I stopped by Son Matt’s house a couple of days ago to drop something off and arrived just as Grandson Malcolm was getting home from the second grade with his new pair of glasses. From the outside looking in, they are pretty spiffy. From Malcom’s perspective, they make the world a lot sharper.
“I can read that sign over there now,” he said proudly. It was just a blur before.
Poor boy didn’t have a chance
I got my first pair of glasses in the fifth grade. My teacher ratted me out. He couldn’t figure out why I could read really well, but had trouble with board problems when I wasn’t sitting in the front row. It turned out that I was horribly nearsighted, particularly in my left eye, which tested out at about 20/200. Ironically enough, I’m left-eyed, so that’s the eye I use to shoot a camera or a gun.
(Want to know which is your dominant eye? Extend your arm and point your index finger at a distant object. Close one eye, then the other. The eye that is looking where the finger lines up is your dominant eye.)
The good news for both of us (he’s nearsighted, too) is that it’s one of the few things that gets better with age. The bad news is that your eyes get worse and worse at focusing at close things when you get older. I had to admit to slipping over the edge when I was working on a construction project that required me to work in 3/16 scale. I just couldn’t make out the measurements no matter how much light I threw on the drawings. It was bifocal city.
I carry two pairs of glasses
I carry two pairs of glasses. One pair is ground on the top for distance; the bottom focuses at 19 inches for closeup work. My “computer glasses” are set for 27 inches at the top, which is the distance to my monitor, and for 19 inches at the bottom for closeup stuff.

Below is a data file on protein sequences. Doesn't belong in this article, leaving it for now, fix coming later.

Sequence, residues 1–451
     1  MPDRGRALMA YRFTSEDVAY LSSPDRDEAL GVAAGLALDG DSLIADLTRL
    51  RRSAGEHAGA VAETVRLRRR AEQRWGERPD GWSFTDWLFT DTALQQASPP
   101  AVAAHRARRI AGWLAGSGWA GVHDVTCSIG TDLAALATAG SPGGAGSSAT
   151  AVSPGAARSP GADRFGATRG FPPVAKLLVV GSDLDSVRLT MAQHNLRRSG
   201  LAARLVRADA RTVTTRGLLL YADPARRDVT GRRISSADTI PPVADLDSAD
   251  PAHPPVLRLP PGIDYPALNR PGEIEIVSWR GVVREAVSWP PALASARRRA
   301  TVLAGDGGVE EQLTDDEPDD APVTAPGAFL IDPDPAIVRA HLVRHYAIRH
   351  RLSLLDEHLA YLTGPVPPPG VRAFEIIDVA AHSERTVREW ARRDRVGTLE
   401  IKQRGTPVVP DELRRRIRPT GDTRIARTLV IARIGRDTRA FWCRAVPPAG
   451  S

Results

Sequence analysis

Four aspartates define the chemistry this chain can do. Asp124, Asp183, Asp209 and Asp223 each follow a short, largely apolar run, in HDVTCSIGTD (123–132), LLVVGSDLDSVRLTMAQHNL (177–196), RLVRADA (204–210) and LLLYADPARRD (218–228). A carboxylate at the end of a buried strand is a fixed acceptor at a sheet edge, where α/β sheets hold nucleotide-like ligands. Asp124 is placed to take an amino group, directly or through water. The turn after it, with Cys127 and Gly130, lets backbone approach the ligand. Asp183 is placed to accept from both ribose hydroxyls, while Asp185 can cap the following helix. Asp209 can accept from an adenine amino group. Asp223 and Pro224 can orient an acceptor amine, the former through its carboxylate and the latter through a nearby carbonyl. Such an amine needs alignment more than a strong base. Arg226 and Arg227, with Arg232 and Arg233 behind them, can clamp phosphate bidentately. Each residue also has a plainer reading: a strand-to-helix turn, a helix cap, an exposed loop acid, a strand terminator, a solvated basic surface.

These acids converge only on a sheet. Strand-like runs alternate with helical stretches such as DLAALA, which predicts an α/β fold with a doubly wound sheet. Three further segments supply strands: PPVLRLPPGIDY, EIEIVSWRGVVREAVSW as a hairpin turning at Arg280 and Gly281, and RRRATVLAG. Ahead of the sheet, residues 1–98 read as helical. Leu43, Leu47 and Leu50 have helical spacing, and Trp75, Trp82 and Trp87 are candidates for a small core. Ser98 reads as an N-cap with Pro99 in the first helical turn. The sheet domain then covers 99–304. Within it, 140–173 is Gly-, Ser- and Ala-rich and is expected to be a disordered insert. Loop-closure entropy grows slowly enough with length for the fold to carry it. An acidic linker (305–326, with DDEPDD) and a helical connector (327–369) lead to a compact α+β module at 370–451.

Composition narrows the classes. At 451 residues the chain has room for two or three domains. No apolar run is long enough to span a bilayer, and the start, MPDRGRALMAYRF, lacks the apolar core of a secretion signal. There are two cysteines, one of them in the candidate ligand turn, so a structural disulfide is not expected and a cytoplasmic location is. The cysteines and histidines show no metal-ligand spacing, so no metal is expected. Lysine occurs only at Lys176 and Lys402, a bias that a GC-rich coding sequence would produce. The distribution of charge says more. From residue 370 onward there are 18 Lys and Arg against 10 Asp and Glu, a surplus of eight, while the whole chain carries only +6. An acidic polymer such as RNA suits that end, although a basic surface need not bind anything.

Strangely enough, my distance vision – once 20/200, if you remember – has improved enough that my latest driver’s license doesn’t have a glasses restriction on it. I still wear them all the time, but I can get by if I have to.
It’s nice to know that I could probably pass my draft physical now. When I went in 1969, the guy giving the vision test told me to take my glasses off and read the third line. “If I take my glasses off, I can’t see the CHART, let alone the third line.” He thought I was being a wiseguy, but I was telling the truth.
The farm boy behind me failed the test, too. Until, that is, he told the examiner. “I want to be a Marine.” The examiner said, “In that case, you pass.”
[That’s not me in the picture, by the way. It’s Ohio University Post Editor Andy Alexander in 1969.]
We all passed the hearing test
I still haven’t figured out the hearing test. We were all herded into a dimmed room and given black boxes with a button on the top. “When you hear a tone, press the button and hold it until the tone stops,” we were told by a guy who must have been used to dealing with the hard of hearing because he was yelling.
We sat there for a few minutes. Nothing was happening. Guys were looking around the room at their neighbors, exchanging quizzical expressions. After a few shrugs of shoulders, we all started poking the black button randomly. After about five more minutes, Loud Guy came back and proclaimed that we had all passed.